On Planning & Writing A Trilogy (Or Series)

Some of you probably already know that I’m a pantser; in other words, I don’t really like to plan my writing!

Well, I take that back.

I do like having a little bit of a plan, but it’s so sparse that most probably wouldn’t even consider it “a plan.”  It’s more like this: “I want [insert big event] to happen in [insert cool locale], where the characters then find/achieve [insert objective]!”  Then I just figure out the rest from there.  And I think this only has a chance at working because my WIP is a quest or adventure series; it’s “mission-driven fiction,” essentially.

Not plot-driven, exactly, ’cause I still focus on characters along the way, but in terms of planning I think of the story in terms of missions…if that makes sense.

So yeah.  That seriously has been my plan for an Element 7 series, in a nutshell.  (“What?  A series, you say?”  Yes, dear readers, you read that right.  I should have probably already mentioned that on my E7 page…heh.)

Planning A Series

So I’ve read only a little about how authors like J. K. Rowling went about their work. Apparently, she took around five years to plan the Harry Potter series before writing it, though I can’t recall reading the specifics about how she did this.  (It’s probably out there; I just haven’t really looked it up,.)  But honestly, there isn’t really a lot of advice out there for folks who do want to write a trilogy or series (not in comparison to other writing topics, anyways).  Most times, it seems writers are actually discouraged from doing so–at least when they are working on their first novel.

Apparently, it’s too “cliché,” when you’re writing fantasy…

As for me, “planning” a series has kinda just naturally been happening while working on this first novel—like I’ll be in the middle of a scene and think to myself, “Hey, that would make for a totally cool thing to explore in Book II/III!”  And then I just plant the seeds, make a note to water them later and roll with it.  (I’ve actually got probably half of Book II planned out by specific scenes I’ve already written or summarized in my journals, with a few ideas for the other half and Book III still subconsciously cooking in my messed-up head.)

But really, all I’m doing is using that basic formula I mentioned at the beginning for each subsequent book and designing each end objective so that they tie into one another, leading to the final objective in the last novel, while also figuring out the interconnecting threads (or those “ah-ha!” moments) along the way.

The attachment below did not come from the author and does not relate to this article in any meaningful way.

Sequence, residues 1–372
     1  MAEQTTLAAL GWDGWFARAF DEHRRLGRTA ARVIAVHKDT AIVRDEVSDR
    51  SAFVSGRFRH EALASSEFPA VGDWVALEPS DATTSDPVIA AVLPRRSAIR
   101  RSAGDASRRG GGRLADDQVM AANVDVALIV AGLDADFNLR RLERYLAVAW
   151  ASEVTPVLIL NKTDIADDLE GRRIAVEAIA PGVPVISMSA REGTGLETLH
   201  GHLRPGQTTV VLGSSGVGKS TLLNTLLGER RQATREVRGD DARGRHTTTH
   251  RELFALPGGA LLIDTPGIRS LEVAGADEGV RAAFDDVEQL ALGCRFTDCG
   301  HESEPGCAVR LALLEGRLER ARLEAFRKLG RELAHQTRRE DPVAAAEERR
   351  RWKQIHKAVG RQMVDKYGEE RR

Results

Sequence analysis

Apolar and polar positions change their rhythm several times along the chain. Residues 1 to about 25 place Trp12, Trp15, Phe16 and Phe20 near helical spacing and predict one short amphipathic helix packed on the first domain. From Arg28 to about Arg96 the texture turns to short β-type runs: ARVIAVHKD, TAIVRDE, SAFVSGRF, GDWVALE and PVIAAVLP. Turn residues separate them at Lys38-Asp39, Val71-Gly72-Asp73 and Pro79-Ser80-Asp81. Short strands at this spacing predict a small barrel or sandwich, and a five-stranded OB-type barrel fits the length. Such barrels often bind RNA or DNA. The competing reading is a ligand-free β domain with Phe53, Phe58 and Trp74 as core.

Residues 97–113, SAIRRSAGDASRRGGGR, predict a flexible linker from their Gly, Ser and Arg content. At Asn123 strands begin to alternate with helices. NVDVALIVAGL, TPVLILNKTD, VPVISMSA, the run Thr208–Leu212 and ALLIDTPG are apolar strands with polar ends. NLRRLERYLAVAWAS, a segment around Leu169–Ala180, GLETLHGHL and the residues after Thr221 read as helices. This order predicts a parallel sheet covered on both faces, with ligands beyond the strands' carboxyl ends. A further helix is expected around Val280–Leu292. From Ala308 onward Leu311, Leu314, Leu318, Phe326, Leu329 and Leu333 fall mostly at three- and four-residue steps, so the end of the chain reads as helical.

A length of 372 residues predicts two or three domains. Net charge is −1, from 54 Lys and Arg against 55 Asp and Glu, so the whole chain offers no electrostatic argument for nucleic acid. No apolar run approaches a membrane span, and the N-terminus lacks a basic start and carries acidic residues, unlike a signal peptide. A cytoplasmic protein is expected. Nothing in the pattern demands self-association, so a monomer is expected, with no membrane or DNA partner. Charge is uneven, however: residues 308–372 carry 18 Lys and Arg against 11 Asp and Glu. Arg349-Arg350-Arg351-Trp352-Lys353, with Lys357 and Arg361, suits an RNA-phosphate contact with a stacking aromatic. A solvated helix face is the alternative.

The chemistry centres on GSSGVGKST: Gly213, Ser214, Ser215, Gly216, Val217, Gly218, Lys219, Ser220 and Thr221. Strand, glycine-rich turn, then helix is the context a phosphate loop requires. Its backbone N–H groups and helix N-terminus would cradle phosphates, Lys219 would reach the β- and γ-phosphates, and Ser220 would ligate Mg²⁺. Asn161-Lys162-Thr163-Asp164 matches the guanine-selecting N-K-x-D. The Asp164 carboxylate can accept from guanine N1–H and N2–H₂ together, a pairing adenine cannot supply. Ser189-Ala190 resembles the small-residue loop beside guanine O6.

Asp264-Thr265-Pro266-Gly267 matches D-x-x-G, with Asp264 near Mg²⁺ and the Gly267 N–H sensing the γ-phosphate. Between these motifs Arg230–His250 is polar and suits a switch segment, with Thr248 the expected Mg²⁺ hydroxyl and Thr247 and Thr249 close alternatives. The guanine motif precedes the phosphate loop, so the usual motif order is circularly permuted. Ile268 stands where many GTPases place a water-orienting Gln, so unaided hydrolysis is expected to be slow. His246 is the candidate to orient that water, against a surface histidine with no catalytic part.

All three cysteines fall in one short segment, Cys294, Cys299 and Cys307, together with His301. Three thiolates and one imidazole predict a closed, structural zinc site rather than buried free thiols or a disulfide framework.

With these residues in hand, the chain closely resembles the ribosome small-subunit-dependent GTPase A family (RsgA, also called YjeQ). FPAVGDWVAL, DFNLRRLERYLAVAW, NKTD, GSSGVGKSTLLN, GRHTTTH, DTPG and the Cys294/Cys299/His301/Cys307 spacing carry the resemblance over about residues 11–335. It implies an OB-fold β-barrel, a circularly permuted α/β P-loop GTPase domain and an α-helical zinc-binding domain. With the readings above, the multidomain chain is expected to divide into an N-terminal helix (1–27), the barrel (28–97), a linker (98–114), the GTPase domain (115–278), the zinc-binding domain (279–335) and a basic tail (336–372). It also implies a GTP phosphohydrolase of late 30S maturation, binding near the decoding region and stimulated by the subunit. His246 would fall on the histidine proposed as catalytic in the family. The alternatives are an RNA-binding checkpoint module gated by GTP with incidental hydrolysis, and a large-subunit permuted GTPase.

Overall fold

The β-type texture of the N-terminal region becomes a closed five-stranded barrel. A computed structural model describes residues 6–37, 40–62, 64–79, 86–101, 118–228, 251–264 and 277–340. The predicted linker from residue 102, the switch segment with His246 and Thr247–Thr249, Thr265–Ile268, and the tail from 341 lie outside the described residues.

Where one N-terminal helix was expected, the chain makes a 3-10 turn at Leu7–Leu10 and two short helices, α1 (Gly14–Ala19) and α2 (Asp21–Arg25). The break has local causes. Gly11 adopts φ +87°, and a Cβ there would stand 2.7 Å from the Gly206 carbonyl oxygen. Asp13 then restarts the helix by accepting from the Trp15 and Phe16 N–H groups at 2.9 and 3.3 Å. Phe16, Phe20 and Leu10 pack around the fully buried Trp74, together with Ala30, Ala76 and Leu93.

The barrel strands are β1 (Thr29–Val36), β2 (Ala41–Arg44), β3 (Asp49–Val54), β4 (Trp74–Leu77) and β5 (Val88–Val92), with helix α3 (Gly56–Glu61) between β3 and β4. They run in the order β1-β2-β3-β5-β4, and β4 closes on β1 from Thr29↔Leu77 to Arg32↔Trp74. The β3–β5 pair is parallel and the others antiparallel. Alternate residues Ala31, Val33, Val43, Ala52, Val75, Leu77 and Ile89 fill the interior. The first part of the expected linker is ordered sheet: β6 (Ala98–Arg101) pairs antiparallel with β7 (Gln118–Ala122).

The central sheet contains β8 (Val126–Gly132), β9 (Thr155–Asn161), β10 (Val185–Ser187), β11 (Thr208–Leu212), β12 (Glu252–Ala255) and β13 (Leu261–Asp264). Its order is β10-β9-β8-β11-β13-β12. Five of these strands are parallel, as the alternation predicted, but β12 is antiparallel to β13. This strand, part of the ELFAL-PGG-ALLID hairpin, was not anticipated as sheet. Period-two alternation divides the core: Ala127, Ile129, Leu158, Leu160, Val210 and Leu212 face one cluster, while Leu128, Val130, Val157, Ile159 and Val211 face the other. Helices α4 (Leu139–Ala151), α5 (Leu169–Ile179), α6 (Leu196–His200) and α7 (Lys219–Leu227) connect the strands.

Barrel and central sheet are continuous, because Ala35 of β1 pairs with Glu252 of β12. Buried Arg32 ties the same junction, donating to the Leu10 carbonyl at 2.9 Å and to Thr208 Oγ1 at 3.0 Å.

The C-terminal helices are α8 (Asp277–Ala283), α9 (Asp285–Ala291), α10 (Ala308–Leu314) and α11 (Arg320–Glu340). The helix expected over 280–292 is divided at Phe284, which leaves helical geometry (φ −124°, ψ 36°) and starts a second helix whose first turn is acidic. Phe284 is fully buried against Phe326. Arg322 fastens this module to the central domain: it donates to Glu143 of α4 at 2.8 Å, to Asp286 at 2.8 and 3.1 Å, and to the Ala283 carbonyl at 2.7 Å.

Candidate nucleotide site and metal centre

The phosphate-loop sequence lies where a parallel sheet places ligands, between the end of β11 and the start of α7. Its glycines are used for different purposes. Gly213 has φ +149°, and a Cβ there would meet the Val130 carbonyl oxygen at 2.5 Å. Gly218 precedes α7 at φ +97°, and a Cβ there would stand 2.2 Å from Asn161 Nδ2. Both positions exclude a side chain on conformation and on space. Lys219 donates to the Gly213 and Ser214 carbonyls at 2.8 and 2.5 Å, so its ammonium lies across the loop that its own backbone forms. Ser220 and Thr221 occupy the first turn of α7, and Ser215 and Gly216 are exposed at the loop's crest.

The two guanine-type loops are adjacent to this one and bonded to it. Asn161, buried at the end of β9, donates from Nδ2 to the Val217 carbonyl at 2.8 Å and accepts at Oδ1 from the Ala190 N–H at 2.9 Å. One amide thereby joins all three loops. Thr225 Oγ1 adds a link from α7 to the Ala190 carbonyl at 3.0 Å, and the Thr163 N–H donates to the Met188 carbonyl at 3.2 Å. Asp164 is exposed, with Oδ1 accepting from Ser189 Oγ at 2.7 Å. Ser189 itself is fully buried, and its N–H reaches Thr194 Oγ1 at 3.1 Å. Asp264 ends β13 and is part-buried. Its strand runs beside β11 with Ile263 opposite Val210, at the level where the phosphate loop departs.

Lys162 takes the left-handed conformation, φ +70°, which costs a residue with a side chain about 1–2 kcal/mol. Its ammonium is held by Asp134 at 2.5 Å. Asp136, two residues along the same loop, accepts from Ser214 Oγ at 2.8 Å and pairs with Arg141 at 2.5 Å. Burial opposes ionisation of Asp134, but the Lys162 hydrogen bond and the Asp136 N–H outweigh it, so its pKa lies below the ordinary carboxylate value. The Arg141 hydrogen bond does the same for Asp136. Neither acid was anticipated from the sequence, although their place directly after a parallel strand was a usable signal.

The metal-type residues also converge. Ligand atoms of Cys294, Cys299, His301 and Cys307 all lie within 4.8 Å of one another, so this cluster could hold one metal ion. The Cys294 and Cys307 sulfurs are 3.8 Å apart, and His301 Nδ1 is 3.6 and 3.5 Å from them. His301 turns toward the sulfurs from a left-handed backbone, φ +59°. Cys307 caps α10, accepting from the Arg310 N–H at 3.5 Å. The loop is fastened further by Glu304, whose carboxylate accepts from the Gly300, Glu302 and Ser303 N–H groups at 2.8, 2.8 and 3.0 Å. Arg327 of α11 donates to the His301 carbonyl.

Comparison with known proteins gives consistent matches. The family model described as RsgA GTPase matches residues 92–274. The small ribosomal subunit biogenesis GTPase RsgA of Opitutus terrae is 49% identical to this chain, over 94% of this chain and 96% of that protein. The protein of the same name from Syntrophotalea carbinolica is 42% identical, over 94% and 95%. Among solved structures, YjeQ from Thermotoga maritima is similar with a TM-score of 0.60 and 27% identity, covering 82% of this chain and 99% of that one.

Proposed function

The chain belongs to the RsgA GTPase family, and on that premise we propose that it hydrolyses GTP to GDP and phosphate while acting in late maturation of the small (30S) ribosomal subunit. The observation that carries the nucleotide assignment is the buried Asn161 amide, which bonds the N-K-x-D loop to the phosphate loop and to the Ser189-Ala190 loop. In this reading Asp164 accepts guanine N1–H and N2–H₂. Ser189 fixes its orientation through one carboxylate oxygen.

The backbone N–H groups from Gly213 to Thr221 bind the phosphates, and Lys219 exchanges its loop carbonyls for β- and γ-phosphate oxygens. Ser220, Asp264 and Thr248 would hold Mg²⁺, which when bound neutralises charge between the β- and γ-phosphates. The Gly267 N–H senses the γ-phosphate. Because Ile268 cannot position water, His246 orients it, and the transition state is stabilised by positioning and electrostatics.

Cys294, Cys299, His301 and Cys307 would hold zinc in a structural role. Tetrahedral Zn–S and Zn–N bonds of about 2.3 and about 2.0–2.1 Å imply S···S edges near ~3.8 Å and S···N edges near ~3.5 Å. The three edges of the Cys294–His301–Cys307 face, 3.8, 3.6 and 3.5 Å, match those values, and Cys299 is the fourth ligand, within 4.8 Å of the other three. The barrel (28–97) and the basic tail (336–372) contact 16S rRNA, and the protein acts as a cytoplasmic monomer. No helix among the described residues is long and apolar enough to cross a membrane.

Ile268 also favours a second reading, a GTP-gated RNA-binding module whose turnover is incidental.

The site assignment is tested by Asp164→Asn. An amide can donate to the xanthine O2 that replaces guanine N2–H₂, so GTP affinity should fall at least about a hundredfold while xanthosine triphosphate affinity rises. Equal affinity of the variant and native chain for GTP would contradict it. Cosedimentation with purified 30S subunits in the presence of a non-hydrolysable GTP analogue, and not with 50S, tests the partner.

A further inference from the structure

I bet some people wonder why it would possibly take 5+ years to plan out a bunch of books, but now I’m pretty sure I understand why…

There Are Just SO Many Little Details That Have Got to Work Together!

Especially when you’re writing secondary world fantasy.  Every piece of invented information that’s in that bad-boy-of-a-series is coming from your brain.  It’s like this giant sprawling 200,000-piece puzzle of your own personal design; everything’s gotta fit together.  And when you do sit down to try and put this puzzle together, it typically doesn’t happen overnight.  Plus, you gotta handcraft all those pieces before that can even happen–nope, none of that computer-aided/die cut business.  So you can’t just toss in stuff willy-nilly because you think it’s oh-so-cool (learned that the long, hard way); everything has to have a reason for being in the novels or else you have to work backwards and find a gorram reason for all the dangling stuff to matter.

Harder to do, imo, but doable.

When I first started learning how to write a novel, my mind just couldn’t even begin to grasp this concept.  “Whaddya mean I can’t just throw in what I want and expect it to work? Bah!  Watch me…”  And y’know how that turned out…

Lots and lots of experimental drafts that went nowhere.

But that’s okay! ’cause I eventually figured out how to make all that cool stuff I originally wanted to shoehorn into the same story actually work together—haha! (Or at least I think I have…)  Plus, I learned oodles, like…

The Importance of Foreshadowing

…which, I think, is extremely important when you’re planning and writing a trilogy.  Foreshadowed details provide rhythm and continuity. They’re like the threads that bind the novels in a series together–along with recurring themes, characters, settings and/or ideas, which all help to create a sense of unity and cohesiveness.  (Sorry, I’m using those pesky Principles of Art/Design again…but you’ll find them everywhere that good art or designs reside.  Writers and literary critics just tend to use different terminology for them, I think.)